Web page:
It’s the weight-loss conundrum: The more we focus on how much food we’re putting into our mouths, it seems the more likely we are to fail. “If you worry about being super-healthy all the time, it’s quite challenging,” says British medical journalist Michael Mosley, M.D., who is—not coincidentally—the co-author of England’s newest and hottest bestselling diet book, “The FastDiet: Lose Weight, Stay Healthy, and Live Longer with the Simple Secret of Intermittent Fasting.” “That’s why standard dieting doesn’t work.”
A lifelong diet agnostic, Dr. Mosley—54 and overweight at the time—knew he needed to do something when, last year, his doctor told him his blood sugar and cholesterol levels were dangerously high. His solution: Devise a slim-down plan that allowed him to eat whatever he wanted five days a week. The catch? Well, if there’s one thing we know about dieting, there’s always a catch.
The Diet Plan
Also known as the 5:2 diet, “The FastDiet” is not a reference to how quickly the weight falls off, but to the type of eating plan you follow: intermittent fasting. Two days per week, women “fast” by eating no more than 500 calories a day, while men get 600 calories per day. Although this may seem rather unpleasant, the tradeoff is that you get to eat whatever you want on those other five days. No calorie-counting and no off-limit foods.
The Health Claims
More than just a weight loss plan, the book suggests that the 5:2 diet will also radically alter one’s health. The first half of “The FastDiet” details the emerging research (done mostly on rodents) on intermittent fasting. Among its purported benefits, fasting lowers insulin, switches the body from fat storing to fat burning mode, improves cholesterol, boosts mood and cognitive function, slows down aging and decreases the risk of cancer and other diseases. All this—and speedy weight loss to boot. According to Mosley, these mini timeouts from food trick the body into thinking there’s a famine. And when that happens, he says, the body goes into repair mode.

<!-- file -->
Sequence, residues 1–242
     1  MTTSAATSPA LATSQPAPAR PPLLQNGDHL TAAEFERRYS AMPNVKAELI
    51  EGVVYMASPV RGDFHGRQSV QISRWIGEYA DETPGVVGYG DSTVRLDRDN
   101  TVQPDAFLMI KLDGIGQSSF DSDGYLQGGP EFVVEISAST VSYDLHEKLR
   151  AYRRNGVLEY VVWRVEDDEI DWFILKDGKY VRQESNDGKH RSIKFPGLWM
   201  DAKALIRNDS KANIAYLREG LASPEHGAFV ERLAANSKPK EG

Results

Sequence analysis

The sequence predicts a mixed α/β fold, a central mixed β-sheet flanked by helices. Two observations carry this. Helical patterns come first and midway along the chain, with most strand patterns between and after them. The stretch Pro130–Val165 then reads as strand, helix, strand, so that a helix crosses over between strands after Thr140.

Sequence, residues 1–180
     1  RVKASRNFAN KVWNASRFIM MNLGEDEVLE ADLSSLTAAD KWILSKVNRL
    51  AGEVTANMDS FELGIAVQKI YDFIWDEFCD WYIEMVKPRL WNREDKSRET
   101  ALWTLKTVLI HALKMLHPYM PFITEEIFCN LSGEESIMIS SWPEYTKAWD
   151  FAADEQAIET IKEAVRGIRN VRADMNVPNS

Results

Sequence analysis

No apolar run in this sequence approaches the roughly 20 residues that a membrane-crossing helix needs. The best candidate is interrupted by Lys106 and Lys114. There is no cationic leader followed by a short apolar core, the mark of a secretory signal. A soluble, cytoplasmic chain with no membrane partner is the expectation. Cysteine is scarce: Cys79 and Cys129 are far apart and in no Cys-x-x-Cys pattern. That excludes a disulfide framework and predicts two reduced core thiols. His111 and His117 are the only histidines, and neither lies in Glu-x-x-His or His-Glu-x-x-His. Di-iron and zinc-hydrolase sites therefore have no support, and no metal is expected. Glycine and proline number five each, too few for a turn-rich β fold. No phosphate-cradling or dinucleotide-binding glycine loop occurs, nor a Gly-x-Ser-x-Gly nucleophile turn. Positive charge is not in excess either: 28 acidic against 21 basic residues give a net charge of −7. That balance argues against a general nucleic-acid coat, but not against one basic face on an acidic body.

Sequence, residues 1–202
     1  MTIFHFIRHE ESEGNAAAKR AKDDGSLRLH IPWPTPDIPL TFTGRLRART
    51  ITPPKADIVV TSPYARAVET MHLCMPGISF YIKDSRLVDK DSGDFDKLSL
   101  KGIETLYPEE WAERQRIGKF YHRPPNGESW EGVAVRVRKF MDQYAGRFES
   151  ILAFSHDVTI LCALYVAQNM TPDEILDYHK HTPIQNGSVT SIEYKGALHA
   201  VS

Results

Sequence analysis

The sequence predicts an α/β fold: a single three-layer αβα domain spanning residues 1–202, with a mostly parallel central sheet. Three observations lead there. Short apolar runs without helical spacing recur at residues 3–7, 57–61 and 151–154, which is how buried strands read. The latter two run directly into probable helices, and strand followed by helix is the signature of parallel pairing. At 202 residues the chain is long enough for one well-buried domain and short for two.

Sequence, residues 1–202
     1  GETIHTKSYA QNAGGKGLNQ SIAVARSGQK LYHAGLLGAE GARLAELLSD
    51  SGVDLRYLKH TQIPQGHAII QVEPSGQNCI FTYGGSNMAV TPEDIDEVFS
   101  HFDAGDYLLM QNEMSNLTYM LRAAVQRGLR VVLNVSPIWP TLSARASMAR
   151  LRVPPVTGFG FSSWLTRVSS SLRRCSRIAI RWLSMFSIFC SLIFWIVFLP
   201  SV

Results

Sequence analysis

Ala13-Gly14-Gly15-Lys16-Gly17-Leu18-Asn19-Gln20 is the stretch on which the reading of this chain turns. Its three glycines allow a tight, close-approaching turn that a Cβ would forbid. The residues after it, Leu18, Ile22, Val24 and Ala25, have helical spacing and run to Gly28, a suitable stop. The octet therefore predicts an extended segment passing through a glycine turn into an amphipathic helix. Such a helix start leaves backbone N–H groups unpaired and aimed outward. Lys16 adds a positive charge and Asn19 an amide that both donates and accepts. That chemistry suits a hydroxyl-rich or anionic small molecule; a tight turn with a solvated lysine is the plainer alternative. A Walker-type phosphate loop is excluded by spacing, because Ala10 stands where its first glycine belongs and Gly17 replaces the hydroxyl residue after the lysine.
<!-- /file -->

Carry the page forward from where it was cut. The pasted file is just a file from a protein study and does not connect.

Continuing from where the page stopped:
The problem, says Krista Varady, Ph.D., assistant professor of nutrition at the University of Illinois at Chicago, one of the few scientists to have examined intermittent fasting in humans and whose work is prominently featured in the book, is that Mosley’s 5:2 diet bears little resemblance to the intermittent fasts that have actually been studied. For instance, whereas his diet is five days off and two days on, Varady’s research involves every-other-day (or alternate-day) fasting. To say that his diet will have the same health and weight loss results as the ones in the controlled studies is, “very scientifically inaccurate,” says Varady.
According to Joan Salge Blake, R.D., clinical associate professor at Boston University and media spokesperson for the Academy of Nutrition and Dietetics, many of the miraculous-seeming health benefits of fasting occur with any kind of weight loss. “When you lose weight, it lowers blood pressure and it lowers LDL [bad] cholesterol,” explains Blake. Cancer is also associated with obesity, she points out, so when you drop pounds, your risk for that—and other inflammatory diseases—also plummets.
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